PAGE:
Migrating ColorZilla to WebExtensions

ColorZilla lets you get a color reading from any point in your browser, quickly make adjustments to it, and paste it into another program. It also generates gradients and more, making it an indispensable add-on for designers and artists.

For more resources on updating your extension, please check out MDN. You can also contact us via these methods.

Can you provide a short background on your add-on? What does it do, when was it created, and why was it created?

ColorZilla is one of the earliest Firefox add-ons—in fact, it’s the 271st Firefox add-on ever created (currently there are over 18,000 add-ons available on AMO). The first version was released almost 13 years ago in September 2004. ColorZilla was created to help designers and web developers with color-related tasks—it had the first-ever browser-based eyedropper, which allowed picking colors from any location in the browser and included a sophisticated Photoshop-like color-picker that could perform various color manipulations. Over the years the add-on gained recognition with millions of users, won awards and was updated with many advanced features, such as DOM color analyzers, gradient editors etc.

What add-on technologies or APIs were used to build your add-on?

Because the core of the ColorZilla codebase was written in the very early days, it used fairly low-level APIs and services.

Initially, ColorZilla relied on native XPCOM components for color sampling from the browser window. The first release included a Windows XPCOM module with a following release adding native XPCOM modules for MacOSX and Linux. After a few years, when new APIs became available, the native XPCOM part was eliminated and replaced with a Canvas JavaScript-based solution that didn’t require any platform-specific modules.

Beyond color sampling, ColorZilla used low-level Firefox XPCOM services for file system access (to save color palettes etc), preferences, extension management etc. It also accessed the browser content DOM directly in order to analyze DOM colors etc.

Why did you decide to transition your add-on to WebExtensions APIs?

There were two major reasons. The first reason was Firefox moving from single process to Electrolysis (e10s). With add-ons no longer able to directly access web content, it would have required refactoring large portions of the ColorZilla code base. In addition, as ColorZilla for Chrome was released in 2012, it meant that there was a need to maintain two completely separate code bases, and to implement new features and capabilities for both. Using WebExtensions allowed seamless supporting of e10s and code-sharing with ColorZilla for Chrome, minimizing the amount of overhead and maintenance and maximizing the efforts that could be invested in innovation and new capabilities.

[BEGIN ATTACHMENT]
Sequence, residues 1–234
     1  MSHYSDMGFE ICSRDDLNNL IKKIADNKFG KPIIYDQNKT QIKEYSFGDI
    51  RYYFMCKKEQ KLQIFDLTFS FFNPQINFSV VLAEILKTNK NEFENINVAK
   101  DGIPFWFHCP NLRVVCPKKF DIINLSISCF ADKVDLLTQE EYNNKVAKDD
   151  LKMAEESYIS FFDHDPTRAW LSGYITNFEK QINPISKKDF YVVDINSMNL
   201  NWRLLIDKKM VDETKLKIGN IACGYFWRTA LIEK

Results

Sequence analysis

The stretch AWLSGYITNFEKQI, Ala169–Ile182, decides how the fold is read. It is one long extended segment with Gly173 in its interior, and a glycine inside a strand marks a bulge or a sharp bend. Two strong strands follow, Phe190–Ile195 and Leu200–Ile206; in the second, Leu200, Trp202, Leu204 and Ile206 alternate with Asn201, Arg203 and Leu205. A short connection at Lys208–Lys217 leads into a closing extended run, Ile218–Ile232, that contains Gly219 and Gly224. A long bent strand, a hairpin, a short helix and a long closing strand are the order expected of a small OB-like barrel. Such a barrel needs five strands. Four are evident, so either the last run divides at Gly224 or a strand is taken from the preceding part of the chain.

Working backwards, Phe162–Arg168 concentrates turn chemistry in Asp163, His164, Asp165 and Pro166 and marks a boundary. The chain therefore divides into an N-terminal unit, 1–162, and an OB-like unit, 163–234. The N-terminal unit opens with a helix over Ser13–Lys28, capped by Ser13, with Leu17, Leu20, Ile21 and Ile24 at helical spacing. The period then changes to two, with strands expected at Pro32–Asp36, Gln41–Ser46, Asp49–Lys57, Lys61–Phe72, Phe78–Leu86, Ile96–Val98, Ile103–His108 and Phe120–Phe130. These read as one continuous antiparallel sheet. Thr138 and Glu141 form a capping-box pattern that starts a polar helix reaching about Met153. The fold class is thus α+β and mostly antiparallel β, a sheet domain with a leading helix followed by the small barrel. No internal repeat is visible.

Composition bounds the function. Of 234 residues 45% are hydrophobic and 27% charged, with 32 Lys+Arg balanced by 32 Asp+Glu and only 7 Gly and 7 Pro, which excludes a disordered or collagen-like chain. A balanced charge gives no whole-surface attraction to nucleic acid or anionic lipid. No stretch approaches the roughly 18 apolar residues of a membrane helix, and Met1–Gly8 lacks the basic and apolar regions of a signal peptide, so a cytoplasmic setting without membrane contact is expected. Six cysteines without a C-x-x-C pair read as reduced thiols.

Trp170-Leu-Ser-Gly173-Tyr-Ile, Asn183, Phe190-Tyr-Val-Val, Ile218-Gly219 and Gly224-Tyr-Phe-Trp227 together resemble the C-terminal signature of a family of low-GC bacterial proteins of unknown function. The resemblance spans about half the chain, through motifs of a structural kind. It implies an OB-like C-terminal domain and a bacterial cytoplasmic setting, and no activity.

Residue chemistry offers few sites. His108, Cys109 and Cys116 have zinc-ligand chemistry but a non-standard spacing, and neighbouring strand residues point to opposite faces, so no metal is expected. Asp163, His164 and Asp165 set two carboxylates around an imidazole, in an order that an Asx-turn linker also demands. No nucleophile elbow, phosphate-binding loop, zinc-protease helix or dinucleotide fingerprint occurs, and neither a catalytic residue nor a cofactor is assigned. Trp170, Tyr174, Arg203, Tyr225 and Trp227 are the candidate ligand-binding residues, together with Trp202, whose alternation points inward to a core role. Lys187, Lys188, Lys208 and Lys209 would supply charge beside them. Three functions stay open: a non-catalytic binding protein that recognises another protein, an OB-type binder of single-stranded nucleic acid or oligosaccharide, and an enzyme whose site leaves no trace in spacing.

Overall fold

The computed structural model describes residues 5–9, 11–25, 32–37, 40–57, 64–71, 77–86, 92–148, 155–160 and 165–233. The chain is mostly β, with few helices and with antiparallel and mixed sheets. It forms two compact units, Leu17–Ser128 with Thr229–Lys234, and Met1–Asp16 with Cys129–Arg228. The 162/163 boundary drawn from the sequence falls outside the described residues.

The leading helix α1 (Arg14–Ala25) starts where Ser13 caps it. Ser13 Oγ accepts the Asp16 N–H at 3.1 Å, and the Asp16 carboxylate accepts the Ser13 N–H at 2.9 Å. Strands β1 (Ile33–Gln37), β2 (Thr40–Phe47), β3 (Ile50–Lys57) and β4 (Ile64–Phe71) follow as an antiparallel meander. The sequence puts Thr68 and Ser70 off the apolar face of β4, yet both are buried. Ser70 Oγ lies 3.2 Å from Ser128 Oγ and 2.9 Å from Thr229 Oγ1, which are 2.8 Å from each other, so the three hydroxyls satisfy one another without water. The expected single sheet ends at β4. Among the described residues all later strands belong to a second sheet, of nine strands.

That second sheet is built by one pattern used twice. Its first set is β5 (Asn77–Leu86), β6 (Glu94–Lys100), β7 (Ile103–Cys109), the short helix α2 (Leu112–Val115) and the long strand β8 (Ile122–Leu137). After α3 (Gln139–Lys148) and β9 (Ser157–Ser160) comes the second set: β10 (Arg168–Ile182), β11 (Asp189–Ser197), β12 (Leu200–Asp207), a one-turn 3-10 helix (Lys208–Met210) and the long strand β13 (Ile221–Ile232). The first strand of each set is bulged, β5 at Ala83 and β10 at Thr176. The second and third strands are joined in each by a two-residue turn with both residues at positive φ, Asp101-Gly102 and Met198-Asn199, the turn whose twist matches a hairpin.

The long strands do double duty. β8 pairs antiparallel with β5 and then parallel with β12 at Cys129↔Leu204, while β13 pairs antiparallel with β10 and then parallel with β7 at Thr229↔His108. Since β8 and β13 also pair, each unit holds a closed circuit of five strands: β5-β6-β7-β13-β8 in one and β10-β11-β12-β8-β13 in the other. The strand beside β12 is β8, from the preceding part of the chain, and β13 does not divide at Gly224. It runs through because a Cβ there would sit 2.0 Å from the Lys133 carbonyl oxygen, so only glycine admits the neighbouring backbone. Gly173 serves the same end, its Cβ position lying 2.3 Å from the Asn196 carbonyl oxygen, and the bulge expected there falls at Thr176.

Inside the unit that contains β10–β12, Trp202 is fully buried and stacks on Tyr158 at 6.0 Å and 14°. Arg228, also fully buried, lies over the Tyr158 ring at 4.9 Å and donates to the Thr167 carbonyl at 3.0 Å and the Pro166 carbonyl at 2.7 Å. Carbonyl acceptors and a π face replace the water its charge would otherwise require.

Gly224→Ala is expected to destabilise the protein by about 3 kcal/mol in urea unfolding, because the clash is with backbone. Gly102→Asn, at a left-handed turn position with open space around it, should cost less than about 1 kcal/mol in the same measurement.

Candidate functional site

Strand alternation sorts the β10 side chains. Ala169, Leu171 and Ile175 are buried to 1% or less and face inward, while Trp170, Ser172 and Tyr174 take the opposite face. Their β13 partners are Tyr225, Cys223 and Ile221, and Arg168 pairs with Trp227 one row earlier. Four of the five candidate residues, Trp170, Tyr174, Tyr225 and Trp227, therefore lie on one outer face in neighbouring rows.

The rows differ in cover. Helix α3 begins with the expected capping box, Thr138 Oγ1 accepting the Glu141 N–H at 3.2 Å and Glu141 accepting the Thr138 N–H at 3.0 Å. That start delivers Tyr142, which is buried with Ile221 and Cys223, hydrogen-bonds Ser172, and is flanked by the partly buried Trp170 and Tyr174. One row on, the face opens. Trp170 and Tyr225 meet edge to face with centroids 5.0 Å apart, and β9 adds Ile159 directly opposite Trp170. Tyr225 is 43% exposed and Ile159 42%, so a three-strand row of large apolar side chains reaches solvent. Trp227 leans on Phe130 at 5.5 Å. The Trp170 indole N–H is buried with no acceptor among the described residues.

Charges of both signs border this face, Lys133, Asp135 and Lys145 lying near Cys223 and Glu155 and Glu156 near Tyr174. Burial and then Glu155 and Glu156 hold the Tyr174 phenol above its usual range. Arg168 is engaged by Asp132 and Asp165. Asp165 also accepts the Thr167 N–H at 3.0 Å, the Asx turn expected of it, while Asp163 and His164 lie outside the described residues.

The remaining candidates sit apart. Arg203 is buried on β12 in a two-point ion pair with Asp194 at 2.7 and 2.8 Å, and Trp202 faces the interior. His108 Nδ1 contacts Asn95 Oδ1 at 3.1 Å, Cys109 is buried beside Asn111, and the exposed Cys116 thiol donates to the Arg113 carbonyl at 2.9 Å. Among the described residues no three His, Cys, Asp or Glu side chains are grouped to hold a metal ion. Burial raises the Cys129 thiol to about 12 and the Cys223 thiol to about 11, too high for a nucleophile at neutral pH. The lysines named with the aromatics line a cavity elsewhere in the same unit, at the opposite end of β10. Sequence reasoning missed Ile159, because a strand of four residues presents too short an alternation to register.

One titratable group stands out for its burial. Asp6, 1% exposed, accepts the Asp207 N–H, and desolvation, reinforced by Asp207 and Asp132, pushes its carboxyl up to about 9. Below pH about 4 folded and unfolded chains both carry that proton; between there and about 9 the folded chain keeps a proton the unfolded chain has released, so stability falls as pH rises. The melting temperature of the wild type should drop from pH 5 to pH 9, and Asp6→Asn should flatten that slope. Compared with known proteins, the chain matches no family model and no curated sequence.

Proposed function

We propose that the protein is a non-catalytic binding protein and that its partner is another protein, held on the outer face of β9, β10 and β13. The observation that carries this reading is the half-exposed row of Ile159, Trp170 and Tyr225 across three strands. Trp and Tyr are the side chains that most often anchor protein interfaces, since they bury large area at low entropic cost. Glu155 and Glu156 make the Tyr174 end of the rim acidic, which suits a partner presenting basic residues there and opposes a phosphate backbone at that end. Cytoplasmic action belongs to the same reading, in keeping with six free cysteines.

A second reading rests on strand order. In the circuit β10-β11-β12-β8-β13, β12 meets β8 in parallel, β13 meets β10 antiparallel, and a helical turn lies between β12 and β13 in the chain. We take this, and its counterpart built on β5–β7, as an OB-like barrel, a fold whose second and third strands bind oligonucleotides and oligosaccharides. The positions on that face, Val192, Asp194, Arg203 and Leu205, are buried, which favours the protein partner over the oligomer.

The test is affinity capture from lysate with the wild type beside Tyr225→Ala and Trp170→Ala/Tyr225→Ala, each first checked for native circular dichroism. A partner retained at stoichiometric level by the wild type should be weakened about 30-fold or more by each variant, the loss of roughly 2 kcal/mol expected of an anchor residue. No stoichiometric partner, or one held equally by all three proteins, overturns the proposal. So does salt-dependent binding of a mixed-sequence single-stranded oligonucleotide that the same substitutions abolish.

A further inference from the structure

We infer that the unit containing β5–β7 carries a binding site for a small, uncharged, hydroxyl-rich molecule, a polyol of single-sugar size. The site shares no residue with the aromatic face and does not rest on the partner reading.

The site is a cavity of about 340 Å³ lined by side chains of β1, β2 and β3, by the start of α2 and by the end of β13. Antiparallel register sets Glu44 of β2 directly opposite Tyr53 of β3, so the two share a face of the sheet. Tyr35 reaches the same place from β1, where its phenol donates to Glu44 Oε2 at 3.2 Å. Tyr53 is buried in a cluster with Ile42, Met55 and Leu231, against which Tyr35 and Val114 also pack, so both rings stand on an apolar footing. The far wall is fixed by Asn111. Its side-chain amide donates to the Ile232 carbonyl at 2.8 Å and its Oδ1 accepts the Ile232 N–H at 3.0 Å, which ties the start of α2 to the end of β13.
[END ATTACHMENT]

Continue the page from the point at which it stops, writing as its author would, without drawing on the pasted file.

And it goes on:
Walk us through the process of how you made the transition. How was the experience of finding WebExtensions APIs to replace legacy APIs? What are some advantages and limitations?

Because ColorZilla for Chrome was already available on the market for about 5 years and because WebExtensions are largely based on Chrome extension APIs, the most natural path was to back-port the Chrome version to Firefox instead of porting the legacy Firefox extension code base to WebExtensions.

The first step of that process was to bring all the WebExtensions APIs used in the code to their latest versions, as ColorZilla for Chrome was using some older or deprecated Chrome APIs and Firefox implementation of WebExtensions is based on the latest APIs and doesn’t include the older versions. One such example is updating older chrome.extension.onRequest API to browser.runtime.onMessage.

The next step was to make all the places that hard-coded Chrome—in UI, URLs, etc—to be flexible and detect the current browser. The final step was to bridge various gaps in implementation or semantics between Chrome and Firefox—for example, it’s not possible to programmatically copy to clipboard from background scripts in Firefox. Another example is the browser.extension.isAllowedFileSchemeAccess API that has a slightly different semantic—meaning in Chrome, the script cannot access local files, and in Firefox, it cannot open them, but can still access them.